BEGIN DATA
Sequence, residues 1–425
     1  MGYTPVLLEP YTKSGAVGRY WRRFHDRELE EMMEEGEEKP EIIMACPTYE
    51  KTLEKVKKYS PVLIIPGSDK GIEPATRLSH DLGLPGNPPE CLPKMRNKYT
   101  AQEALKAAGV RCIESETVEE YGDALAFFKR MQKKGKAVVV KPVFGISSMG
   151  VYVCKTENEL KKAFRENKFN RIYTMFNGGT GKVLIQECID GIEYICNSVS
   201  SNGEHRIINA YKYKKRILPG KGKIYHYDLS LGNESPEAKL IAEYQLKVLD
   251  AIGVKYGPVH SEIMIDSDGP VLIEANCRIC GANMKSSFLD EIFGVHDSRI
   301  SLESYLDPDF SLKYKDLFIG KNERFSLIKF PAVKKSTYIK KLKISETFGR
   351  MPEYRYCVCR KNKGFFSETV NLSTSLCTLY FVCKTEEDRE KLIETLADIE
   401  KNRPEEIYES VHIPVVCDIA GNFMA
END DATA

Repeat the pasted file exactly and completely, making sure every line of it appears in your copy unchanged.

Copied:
Sequence, residues 1–425
     1  MGYTPVLLEP YTKSGAVGRY WRRFHDRELE EMMEEGEEKP EIIMACPTYE
    51  KTLEKVKKYS PVLIIPGSDK GIEPATRLSH DLGLPGNPPE CLPKMRNKYT
   101  AQEALKAAGV RCIESETVEE YGDALAFFKR MQKKGKAVVV KPVFGISSMG
   151  VYVCKTENEL KKAFRENKFN RIYTMFNGGT GKVLIQECID GIEYICNSVS
   201  SNGEHRIINA YKYKKRILPG KGKIYHYDLS LGNESPEAKL IAEYQLKVLD
   251  AIGVKYGPVH SEIMIDSDGP VLIEANCRIC GANMKSSFLD EIFGVHDSRI
   301  SLESYLDPDF SLKYKDLFIG KNERFSLIKF PAVKKSTYIK KLKISETFGR
   351  MPEYRYCVCR KNKGFFSETV NLSTSLCTLY FVCKTEEDRE KLIETLADIE
   401  KNRPEEIYES VHIPVVCDIA GNFMA